A Good Morning America Must-Read Book of the Month
A Library Journal Title to Watch
Named a Most Anticipated Book of the Year by Bustle, Electric Literature, The Millions, and more.
"Brother, Sister, Mother, Explorer is so full of voice. It is utterly bright and original." —Tommy Orange, author of There There
[A] beautifully crafted, poetic book. Having read Brother, Sister, Mother, Explorer, maybe the next time you travel, you might recall that what you see is not all there is. You might see yourselves as Jamie Figueroa sees you, apart from and yet a part of our common human condition." —Esmerelda Santiago, The New York Times Book Review
"This debut has been pitched as a cross between Jesymn Ward and Tommy Orange. While some comparisons are a stretch, this book is actually a perfect blend of those two authors. In style and content, Figueroa manages to capture what makes those authors shine. She invites readers into a family where a sister is doing everything in her power to keep her brother from destructing. Figueroa’s prose is soft yet completely powerful. As the family course corrects spinning out of control after the mother dies, readers will feel their pain on every page." —Adam Vitcavage, Debutiful
"Jamie Figueroa‘s Brother, Sister, Mother, Explorer is an exquisite debut, filled with rich imagery and lyrical prose. Figueroa packs plenty into the novel’s modest page count, with characters both tangible and all-but magical bursting off the page . . . Brimming with elegant, poetic writing, Figueroa has offered us a truly original debut. An absolute must read. —Jodie Sloan, The AU Review
"Curious and dazzling . . . Figueroa's omniscient, second person narration creates an intimacy while the hypnotic rhythm of her prose and evocative mystical elements invoke an archetypal sense that is at once out-of-time and thoroughly contemporary as we grudgingly recognize our own precarious epoch." —Booklist (starred review)
"[A] masterly debut . . . Though the novel brims with spellbinding prose, magical elements, and wounded, full hearted characters that nearly jump off the page, its most remarkable feature is perhaps its piercing critique of the white Anglo tourists’ tendency to romanticize people of color, as well as Figueroa’s examination of the traumatic effect this attitude can have on those who are deemed 'the Other.' This cleverly constructed and deeply moving account enthralls." —Publishers Weekly
"Brother, Sister, Mother, Explorer combines folklore with magical realism in a manner reminiscent of Toni Morrison’s Beloved. Along with ghosts who appear as recurring characters, the prose is cut with imagery and metaphor in rhythmic patterns, adding another otherworldly element to the story . . . Figueroa addresses important issues, including depression, suicide and personal and generational loss, with nuanced insight. She also skewers the tendency of white Americans to exoticize people with darker skin, portraying the impact of this prejudice in a deeply stirring manner. A lyrical contemplation of how we can never run away from our past, Brother, Sister, Mother, Explorer is an exquisitely woven story about resilience and trauma." —Rabeea Saleem, Bookpage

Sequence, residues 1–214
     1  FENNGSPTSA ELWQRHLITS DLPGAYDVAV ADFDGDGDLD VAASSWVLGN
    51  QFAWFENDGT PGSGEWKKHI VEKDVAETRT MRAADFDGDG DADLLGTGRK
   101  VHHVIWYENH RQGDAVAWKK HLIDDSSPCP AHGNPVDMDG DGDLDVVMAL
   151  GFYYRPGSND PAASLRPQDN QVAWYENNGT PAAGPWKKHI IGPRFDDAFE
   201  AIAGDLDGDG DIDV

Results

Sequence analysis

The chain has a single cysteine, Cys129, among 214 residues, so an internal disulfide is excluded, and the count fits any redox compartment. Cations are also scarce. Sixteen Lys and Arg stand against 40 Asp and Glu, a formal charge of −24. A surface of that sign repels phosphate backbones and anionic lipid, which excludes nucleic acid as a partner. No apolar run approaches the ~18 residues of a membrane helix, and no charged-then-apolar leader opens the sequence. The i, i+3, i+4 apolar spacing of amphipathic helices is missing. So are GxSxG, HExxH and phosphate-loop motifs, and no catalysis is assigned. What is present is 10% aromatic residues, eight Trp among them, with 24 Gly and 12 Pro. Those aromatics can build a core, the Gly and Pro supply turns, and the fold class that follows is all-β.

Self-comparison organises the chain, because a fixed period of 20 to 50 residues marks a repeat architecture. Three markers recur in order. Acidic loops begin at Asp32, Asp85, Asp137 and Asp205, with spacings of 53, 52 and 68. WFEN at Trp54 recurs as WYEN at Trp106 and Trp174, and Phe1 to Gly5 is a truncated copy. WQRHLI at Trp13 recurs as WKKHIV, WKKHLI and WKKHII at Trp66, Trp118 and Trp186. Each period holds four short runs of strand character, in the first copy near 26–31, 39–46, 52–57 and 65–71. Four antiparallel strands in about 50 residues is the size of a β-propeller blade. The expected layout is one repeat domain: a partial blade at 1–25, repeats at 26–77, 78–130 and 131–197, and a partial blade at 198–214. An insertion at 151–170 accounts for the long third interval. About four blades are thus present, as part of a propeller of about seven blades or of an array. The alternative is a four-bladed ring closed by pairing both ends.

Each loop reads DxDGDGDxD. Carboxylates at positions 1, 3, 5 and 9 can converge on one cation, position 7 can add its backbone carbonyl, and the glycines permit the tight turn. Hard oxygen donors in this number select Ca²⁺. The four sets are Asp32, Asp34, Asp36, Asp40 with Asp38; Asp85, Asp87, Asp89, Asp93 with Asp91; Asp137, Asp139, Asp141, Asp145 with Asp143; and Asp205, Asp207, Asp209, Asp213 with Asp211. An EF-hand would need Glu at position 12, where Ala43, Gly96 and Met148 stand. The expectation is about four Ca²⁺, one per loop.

"Gorgeously rendered, with familial and ancestral history braided into contemporary events, this study of memory and grief features a young woman trying to pull her brother back from the edge after their mother’s death." —Library Journal
"Brother, Sister, Mother, Explorer is a haunting of a novel centered around the hustle of an utterly unforgettable brother and sister. Jamie Figueroa's faultless language surprises, enchants, and does nothing less than articulate that which is unseen and eaten by profound grief. Supervised by a wild, booted angel (a character for the ages), this marvel of a first novel seems powered by a force that wrecks itself and is made glorious, again and again, until its stunning conclusion. Singular, devastating, and divine." —Marie-Helene Bertino, author of Parakeet
"In language that is blade-sharp and sun-bright, Jamie Figueroa weaves a story of generations of love and loss that is powerful and aching and utterly new. Brother, Sister, Mother, Explorer will never, ever leave me." —Ramona Ausubel, author of Sons and Daughters of Ease and Plenty and No One Is Here Except All of Us
DEBUT In Figueroa's seductive, lyrically wrought debut, as much dreamscape as story, the mother of Rufina and Rafa has been dead for months but haunts them still at their house in Ciudad de Tres Hermanas. Though nearly 30 and world-traveled, Rafa was always held close by his mother and cannot imagine living without her, so 28-year-old Rufina makes him a bet. That weekend, if they can earn enough money performing in the plaza to leave town, he must embrace life. Otherwise, he can do as he pleases. In childhood, the siblings worked the plaza as part of a live installation devised by the Explorer, a charmer who insinuated himself into the family and wreaked havoc. Now, as clueless tourists trot by, Rafa exercises his special magic—reading meaning into shadows—and Rufina sings seductively, watched over by a ragged angel and a worshipful young policeman. She's as troubled as Rafa, still imagining she has the baby lost long ago in childbirth. Family and ancestral history are bound tightly with immediate events as the weekend moves toward its fateful last hours. VERDICT The narrative can get a little lost in the gorgeous, reflective language but remains an absorbing study of memory and grief.